The Fight for Financial Literacy

Money plays a central role in nearly every aspect of our lives, except for public school curriculums.

By Taryn Schofield

Coming out of high school, it is a guarantee that graduates will walk away having taken an abundance of math, science, English and history classes. They will probably have had to pass some type of standardized test on one or more of those subjects in order to receive their diploma. However, it is also likely that as they move on to the next phase of their lives – whether it be college, trade school or directly into the workforce – their transcript will be lacking a course in personal finance or economics.

 

The Government Accounting Office defines financial literacy as, “The ability to make informed judgements and to take effective actions regarding the current future use and management of money. It includes the ability to understand financial choices, plan for the future, spend wisely, and manage the challenges associated with life events such as job loss, saving for retirement or paying for a child’s education.”

 

Yet, according to a study done by Financial Industry Regulatory Authority (FINRA), an investor education foundation, about 63 percent of Americans could not pass a basic financial literacy quiz. This lack of money management skills among the United States population stems from the lack of personal finance education available to individuals before they are required to make significant financial decisions.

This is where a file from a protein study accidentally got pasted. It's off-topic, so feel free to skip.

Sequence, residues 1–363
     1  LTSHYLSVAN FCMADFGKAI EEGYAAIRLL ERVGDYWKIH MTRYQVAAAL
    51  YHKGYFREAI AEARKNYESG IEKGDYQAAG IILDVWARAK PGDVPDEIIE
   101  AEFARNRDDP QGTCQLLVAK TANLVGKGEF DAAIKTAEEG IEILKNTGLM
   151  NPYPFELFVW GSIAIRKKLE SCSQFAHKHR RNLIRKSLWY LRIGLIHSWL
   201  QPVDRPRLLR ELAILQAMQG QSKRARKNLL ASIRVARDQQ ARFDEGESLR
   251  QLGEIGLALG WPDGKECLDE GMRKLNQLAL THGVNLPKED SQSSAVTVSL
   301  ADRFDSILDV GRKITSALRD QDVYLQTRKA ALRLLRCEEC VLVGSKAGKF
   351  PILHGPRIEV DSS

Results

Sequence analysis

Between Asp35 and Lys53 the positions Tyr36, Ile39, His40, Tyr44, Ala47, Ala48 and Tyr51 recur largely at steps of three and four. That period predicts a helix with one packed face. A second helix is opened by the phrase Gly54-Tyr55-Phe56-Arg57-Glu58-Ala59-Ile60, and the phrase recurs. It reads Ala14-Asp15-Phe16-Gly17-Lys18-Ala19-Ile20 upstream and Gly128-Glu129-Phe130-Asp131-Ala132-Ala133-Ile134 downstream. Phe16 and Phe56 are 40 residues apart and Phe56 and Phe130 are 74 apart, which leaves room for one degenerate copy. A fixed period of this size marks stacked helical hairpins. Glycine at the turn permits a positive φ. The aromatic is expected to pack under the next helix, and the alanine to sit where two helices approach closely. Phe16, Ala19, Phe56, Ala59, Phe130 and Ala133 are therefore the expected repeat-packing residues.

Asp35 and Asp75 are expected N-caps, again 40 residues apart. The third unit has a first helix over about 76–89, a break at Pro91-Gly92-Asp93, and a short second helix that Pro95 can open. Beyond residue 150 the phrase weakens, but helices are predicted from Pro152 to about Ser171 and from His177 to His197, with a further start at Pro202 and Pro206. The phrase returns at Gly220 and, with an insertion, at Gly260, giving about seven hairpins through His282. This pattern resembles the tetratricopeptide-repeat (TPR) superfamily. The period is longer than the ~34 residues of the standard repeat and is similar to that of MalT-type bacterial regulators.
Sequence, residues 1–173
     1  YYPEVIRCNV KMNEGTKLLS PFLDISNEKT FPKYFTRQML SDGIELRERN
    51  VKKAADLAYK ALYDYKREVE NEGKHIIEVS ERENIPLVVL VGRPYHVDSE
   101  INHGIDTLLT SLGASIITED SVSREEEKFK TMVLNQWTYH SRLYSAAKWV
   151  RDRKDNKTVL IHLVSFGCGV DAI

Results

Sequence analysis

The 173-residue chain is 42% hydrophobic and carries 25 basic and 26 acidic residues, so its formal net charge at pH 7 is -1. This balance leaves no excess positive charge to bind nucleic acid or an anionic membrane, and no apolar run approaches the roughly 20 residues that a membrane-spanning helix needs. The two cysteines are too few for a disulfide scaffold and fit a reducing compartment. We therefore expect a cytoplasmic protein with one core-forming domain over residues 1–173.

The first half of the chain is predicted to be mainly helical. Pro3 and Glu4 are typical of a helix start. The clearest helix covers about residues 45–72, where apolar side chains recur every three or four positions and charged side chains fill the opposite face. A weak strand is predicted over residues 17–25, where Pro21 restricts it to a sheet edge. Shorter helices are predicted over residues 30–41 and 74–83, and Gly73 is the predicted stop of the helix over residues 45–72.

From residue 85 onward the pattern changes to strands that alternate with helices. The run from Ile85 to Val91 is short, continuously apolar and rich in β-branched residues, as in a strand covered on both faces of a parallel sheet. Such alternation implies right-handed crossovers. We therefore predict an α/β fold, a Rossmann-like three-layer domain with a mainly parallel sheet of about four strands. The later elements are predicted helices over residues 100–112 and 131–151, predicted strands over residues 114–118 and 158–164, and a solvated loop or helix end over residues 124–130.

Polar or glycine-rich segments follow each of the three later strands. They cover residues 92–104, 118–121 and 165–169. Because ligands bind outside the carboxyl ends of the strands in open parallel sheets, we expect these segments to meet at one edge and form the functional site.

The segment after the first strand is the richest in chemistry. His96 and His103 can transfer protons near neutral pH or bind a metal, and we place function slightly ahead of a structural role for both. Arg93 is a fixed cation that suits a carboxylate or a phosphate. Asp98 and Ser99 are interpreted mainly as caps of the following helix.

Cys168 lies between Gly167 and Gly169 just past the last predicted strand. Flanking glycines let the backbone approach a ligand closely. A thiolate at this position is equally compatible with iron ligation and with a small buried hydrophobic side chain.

According to Next Gen Personal Finance, a non-profit agency that provides financial literacy curriculum to teachers and individuals, four of five adults say they were never given the opportunity to learn about personal finance, and only 16.4 percent of students nationwide are required to take a personal finance course to graduate high school.

 

Students from low-income backgrounds are half as likely to take a personal finance course compared to their wealthier peers, according to Next Gen Personal Finance. Only 5.5 percent of the nation’s lowest income students outside of the mandate states are required to take personal finance.

 

Currently, only Alabama, Missouri, Tennessee, Utah and Virginia require personal finance coursework before high school graduation as a state mandate. Roughly half of those nationwide who are required to take at least a semester of a personal finance course reside in those states.

 

Money management is a task that will affect everyone at some point in life, yet it is not guaranteed that an individual will be given the opportunity to learn the skills necessary to be successful.

 

“It doesn’t matter what you choose to pursue, whether you become a mathematician or a biologist or a teacher. All of these things require you to know what to do with your paycheck,” said Yanely Espinal, director of educational outreach for NextGen Personal Finance. “One of the biggest mistakes we can make is not focusing on teaching financial capability to our students.”

 

The lack of personal finance education in the United States may attribute to a variety of other societal issues, including the student debt crisis.